Automation teams try to move as many bots as possible into production quickly. This focus on agility sometimes results in automation teams neglecting maintenance processes and protocols. As the number of bots grows into the hundreds, there will be different versions of applications, security patches, process updates, and process changes, all of which need to be managed. Without clear protocols about who performs the maintenance and when, the sheer numbers of change requests and technical exceptions could halt the entire bot workforce. A governance model comprising IT, process owners, and other key stakeholders providing direction, guidance, and support to the automation team is essential for ensuring bot maintenance.
3. Build a strategy to use RPA where it can create value
A lot of vendors claim that RPA can solve almost any problem or improve any process. In the same spirit, overenthusiastic proponents are implementing RPA across a wide range of areas. Companies have difficulty assessing solutions and options because they don’t have a clear strategy. Before investing time and resources in building or buying RPAs, companies need a clear strategy to determine what capabilities are needed to deliver value for the business, and what role RPA has in supporting those capabilities.
Some tech leaders tend to favor RPA too much, promoting it when another technical solution might be more effective. Sometimes the automation can be implemented within existing systems without adding an external layer of automation like RPA. Sometimes emerging cognitive and artificial-intelligence solutions can deliver additional value. The key is to customize the solution design by exploring options beyond RPA. That means your team needs to know about automation tools and approach options. Successful automation efforts are more than twice as likely to deploy machine learning and other cognitive-based automation capabilities. The foundation for future success is a systematic approach to identifying sources of value and deploying automation technologies appropriately. (For more, read “The Automation Imperative.”)
Nearly 60 to 80 percent of data processing and data collection in the insurance sector, for example, have high technical feasibility for automation. At one company, the automation team considered the overall customer journey and how data were created, transferred, and ultimately used by each department. This required cross-functional collaboration with other departments, leading the automation team to develop a clearer picture of:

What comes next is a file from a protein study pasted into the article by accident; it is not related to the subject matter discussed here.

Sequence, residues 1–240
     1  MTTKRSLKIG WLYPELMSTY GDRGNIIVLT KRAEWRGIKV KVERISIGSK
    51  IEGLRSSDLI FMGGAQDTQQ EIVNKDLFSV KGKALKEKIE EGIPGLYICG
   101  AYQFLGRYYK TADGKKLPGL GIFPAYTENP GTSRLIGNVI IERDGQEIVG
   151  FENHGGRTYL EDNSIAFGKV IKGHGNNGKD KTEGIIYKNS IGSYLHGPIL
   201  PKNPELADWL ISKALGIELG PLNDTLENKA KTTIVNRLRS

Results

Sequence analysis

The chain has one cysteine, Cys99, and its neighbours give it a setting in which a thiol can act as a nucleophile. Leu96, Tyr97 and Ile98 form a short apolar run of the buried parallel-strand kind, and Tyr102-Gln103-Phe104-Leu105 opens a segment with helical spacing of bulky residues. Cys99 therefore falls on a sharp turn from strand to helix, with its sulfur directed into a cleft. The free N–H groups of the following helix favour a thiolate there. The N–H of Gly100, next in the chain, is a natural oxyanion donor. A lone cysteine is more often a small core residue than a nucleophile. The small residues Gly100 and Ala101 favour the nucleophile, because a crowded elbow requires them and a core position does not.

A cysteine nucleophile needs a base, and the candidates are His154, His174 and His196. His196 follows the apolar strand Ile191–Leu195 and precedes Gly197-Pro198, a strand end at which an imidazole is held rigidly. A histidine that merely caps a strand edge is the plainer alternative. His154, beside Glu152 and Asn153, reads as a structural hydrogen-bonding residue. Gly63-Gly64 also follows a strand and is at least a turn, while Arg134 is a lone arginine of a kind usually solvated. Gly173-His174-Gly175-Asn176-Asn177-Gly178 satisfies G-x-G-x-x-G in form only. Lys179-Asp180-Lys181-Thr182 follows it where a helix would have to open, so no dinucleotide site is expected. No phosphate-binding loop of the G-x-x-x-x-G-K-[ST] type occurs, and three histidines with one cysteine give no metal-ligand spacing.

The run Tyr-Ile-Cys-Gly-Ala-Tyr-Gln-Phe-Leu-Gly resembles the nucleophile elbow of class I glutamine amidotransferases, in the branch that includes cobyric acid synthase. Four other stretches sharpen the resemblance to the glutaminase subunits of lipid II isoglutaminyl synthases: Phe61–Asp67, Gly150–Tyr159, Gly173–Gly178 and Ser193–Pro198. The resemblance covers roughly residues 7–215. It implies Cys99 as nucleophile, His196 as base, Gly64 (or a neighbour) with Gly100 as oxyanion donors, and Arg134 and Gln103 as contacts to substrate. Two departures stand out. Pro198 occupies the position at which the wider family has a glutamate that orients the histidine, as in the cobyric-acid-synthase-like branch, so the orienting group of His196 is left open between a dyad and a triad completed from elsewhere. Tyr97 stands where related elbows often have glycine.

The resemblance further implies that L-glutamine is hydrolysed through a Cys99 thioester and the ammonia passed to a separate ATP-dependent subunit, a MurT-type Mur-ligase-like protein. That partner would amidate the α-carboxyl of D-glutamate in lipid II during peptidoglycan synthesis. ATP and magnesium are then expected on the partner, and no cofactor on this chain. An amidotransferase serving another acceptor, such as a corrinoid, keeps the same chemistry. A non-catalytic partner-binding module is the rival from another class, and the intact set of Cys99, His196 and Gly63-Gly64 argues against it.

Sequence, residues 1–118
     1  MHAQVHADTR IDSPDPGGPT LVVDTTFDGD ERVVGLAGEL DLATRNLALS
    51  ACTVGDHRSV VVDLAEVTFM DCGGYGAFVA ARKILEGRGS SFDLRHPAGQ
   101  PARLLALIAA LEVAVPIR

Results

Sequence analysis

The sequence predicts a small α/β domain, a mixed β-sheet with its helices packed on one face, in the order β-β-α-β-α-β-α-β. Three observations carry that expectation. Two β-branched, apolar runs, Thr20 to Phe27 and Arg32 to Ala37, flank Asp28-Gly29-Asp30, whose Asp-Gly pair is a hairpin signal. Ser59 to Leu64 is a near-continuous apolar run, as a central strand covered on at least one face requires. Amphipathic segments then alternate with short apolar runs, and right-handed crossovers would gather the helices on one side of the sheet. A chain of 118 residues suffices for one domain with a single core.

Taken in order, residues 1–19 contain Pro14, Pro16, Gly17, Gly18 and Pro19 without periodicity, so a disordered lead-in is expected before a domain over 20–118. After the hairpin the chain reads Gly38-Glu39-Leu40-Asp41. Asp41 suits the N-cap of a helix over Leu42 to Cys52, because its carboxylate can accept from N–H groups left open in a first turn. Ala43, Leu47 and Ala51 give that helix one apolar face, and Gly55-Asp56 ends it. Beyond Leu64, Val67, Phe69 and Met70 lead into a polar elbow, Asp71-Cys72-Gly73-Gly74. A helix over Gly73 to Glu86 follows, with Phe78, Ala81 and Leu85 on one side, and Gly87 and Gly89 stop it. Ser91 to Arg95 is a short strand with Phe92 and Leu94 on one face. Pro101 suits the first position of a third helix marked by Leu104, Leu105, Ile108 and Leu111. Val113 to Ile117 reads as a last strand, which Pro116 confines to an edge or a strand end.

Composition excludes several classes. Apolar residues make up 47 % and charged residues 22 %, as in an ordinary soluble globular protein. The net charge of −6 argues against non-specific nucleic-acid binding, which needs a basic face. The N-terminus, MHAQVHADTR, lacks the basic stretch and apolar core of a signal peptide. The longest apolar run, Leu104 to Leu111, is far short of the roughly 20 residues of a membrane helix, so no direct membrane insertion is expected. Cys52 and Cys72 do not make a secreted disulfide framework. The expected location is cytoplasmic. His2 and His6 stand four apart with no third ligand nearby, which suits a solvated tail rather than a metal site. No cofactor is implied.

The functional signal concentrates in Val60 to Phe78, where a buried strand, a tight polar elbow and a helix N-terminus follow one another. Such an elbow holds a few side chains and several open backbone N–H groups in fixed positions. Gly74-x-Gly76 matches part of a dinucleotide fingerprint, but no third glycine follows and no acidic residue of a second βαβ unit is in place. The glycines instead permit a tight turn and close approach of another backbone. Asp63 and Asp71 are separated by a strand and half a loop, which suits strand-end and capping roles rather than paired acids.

- processes that needed considerable standardization or re-engineering prior to automation
- processes that could be further automated using RPA
- processes where the application of technologies other than RPA, such as chatbots and machine learning, were the right choice.
4. Manage the bot ‘brand’
RPA has the potential to unlock significant value quickly. Processes automated in a few weeks can result in tremendous improvement in process quality and reduce process costs by nearly 80 percent. But this can give rise to unrealistic stakeholder expectations about the value RPA can deliver. On the other hand, many other executives are still skeptical about using bots. Managing these very human reactions is key to making sure bots have a chance to succeed by having the discipline to implement them where they can be most effective. A poor understanding of goals, inadequate testing, or a misunderstanding of intent can lead to faulty process automation which can cause painful rework, poor resource reallocation, and inefficient bot maintenance, all of which impact the project’s overall ROI. Poor results mean stakeholders don’t sign off on their individual bot. Done often enough, that creates a brand-image problem for the automation team, causing fewer additional stakeholders within the organization to implement RPA.
Failing to effectively engage a digital workforce will result in an outdated employee skill set that will raise costs and make companies less competitive in the long run. The most effective route to turning around a flailing RPA initiative is to thoroughly evaluate the transformation objectives, approach, and team capabilities.
Marty Pavlik is a senior digital expert in McKinsey’s Chicago office, and Saurav Tripathy is a digital specialist in the New York office.